The tale of Dremnin began in the small rural hamlet of Diamede, near the town of Darranis. Kaer Darranis had been opened some 20 years earlier, and a thriving town now replaced the blessed Kaer that held its residents safe through the Scourge. When freed from the confines of the Kaer, his family made their way with others of like mind to establish a settlement on the Coil River. Dremnin’s father, a human named Karker, set out to learn the art of fishing, as the hamlet of Diamede needed food while they replanted crops and established a new cycle of life. His mother, Gabriella, was a fine singer and musician, a Troubador Adept, who maintained a happy home for her family, and sang of tales and legends of the Scourge and before to the residents at night after their labors were done. It wasn’t long after the founding of Diamede that little Dremnin came into the world and began his own tale in the world. His parents named him after an elven friend from the Kaer, as a mark of remembrance and respect.
Dremnin grew up as a happy child, showing himself to be bright and curious, as well as adventurous. As he grew, he formed a love of music shared with his mother, and never tired of listening to her songs. He tried to learn from her, acquiring the basics for future music talents, with an aptitude for stringed instruments and a singing voice that showed his mother’s influence. She also managed to teach him to speak Throalic and the Human languages, and to read and write the Dwarven tongue competently. With his father it was different, as Dremnin took to water like a T’skrang. Under his father’s watchful eyes, he learned to swim in the Coil River, and even began to learn the ancient art of fishing. His father was proud of his son, and would take him along to fish. Dremnin also made friends in their hamlet, and got permission to travel to the town of Darranis with the family of a local merchant. The boy was fascinated by the trill of all the people and the excitement of the marketplace. He asked where all the Name Givers and goods came from, and was told that the merchant trade routes lay all across the world of Barsaive. This got the boy thinking of an exciting path in the world larger than his own hamlet of Diamede.
So it came to pass that Dremnin sought to learn knowledge of the greater world stage, the geography of both before and after the Scourge, the trade routes and where they led, as well as what goods the caravans carried and with whom the bartered. His hunger for more knowledge led him to spend more time in Darranis talking with merchant lackies and listening to where they had been and their experiences. He also learned a shadier side of the marketplace, when one of the caravan boys taught him the art of pick-pocketing. Being bright and dexterous, he picked it up fairly quickly and enjoyed the fruits of his labors. He used to coins so garnered by buying the implements to try his hand at map making, one of the numerous artisan skills required of all Name Givers to prove they were not tainted by the Horrors.
By the time Dremnin turned 16, he had grown into a stalwart young man with a passion for learning that seemed to call him outside the confines of family and hearth. Karker saw that the lad would not be content to live his life engaging in the quiet pastimes of a simple fisherman, and though the boy loved music, he had no gift to carry him forward in those pursuits. Thus it was that Dremnin’s parents spoke with their friends in Diamede to find a place for the young man with a caravan to Bartertown. They would see if this trip either satisfied the boy and turned him back to his family, or opened the doors to the world and a path on the roads of Barsaive.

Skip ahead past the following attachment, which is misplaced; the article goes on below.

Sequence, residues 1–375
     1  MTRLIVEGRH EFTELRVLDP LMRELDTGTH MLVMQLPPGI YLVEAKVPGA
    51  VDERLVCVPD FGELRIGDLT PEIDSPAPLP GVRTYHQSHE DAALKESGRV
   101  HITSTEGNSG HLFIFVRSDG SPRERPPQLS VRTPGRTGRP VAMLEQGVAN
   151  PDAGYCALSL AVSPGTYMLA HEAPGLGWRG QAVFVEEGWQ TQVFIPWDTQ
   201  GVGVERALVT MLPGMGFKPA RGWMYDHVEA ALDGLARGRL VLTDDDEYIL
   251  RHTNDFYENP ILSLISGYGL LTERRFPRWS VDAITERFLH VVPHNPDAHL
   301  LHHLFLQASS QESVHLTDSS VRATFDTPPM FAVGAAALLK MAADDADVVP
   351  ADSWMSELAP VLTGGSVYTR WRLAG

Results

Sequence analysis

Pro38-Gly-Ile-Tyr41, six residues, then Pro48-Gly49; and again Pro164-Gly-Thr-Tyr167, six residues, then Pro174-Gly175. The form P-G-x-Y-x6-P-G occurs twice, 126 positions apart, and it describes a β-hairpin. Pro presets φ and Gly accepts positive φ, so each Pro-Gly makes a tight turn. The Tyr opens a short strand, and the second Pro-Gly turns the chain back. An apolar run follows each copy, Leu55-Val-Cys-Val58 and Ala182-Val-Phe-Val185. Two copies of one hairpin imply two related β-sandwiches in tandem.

The trip to Bartertown and its many adventures dashed all hopes his family had of Dremnin becoming a permanent part of the hamlet of Diamede. His parents accepted the boy’s enthusiasm and determined to find him a place where he could grow and learn a trade. Again, the family turned to their merchant neighbor and asked if he might know how to give the boy the life he seemed to be seeking. The neighbor, a jovial human named Boskone, agreed and began to watch for the right opportunity to place the lad with a caravan.
Weeks passed, and Dremnin dreamed of the open road and its adventures. Meanwhile, Boskone kept his word to the boy’s family and watched for the right opening that would give wings to Dremnin’s dreams. Finally, the merchant came to call on Dremnin’s parents to inform them that there was a caravan in town that showed promise, and they were spending the night. The caravan leader had agreed to take the boy on to assist in the day to day operations of the trading group, and to see where he might find his path amongst them. Karker insisted that he and Boskone go that night and speak to the caravan master about the boy, and they quickly set off to Darranis and the encampment. Unbeknownst to the men, Dremnin snuck along in the darkness behind them to see if he could eavesdrop and watch the meeting for himself. His plans were thwarted at the mens’ decision to meet in the caravan leader’s tent, so the boy eased his way past the perimeter guard and soon found himself behind the tent in question. He lay quietly on the ground to make himself less conspicuous and listened while the men spoke at length. The caravan leader, a human named Tubric, was looking for a cheap source of labor and would start the boy as a stable hand to muck out the draft animal areas each night. Karker wanted better for his son and argued for a better position, while Boskone worked as an intermediary. The boy listened intently to the exchange, and was worried about his fate as his father was forced by reality to agree to a lesser status in the trade group for his son to get the start he sought.